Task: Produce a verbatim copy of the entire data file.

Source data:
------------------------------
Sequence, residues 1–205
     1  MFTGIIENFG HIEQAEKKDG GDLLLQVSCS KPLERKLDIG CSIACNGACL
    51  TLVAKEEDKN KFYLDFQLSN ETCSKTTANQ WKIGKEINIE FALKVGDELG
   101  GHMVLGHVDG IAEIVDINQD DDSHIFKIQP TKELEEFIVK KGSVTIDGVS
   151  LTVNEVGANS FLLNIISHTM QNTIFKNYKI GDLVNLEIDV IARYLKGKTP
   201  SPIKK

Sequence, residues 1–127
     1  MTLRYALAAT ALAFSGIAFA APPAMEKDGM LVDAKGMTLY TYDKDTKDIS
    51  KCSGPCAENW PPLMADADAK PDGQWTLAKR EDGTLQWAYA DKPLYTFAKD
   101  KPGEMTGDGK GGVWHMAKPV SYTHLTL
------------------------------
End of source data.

Sequence, residues 1–205
     1  MFTGIIENFG HIEQAEKKDG GDLLLQVSCS KPLERKLDIG CSIACNGACL
    51  TLVAKEEDKN KFYLDFQLSN ETCSKTTANQ WKIGKEINIE FALKVGDELG
   101  GHMVLGHVDG IAEIVDINQD DDSHIFKIQP TKELEEFIVK KGSVTIDGVS
   151  LTVNEVGANS FLLNIISHTM QNTIFKNYKI GDLVNLEIDV IARYLKGKTP
   201  SPIKK

Sequence, residues 1–127
     1  MTLRYALAAT ALAFSGIAFA APPAMEKDGM LVDAKGMTLY TYDKDTKDIS
    51  KCSGPCAENW PPLMADADAK PDGQWTLAKR EDGTLQWAYA DKPLYTFAKD
   101  KPGEMTGDGK GGVWHMAKPV SYTHLTL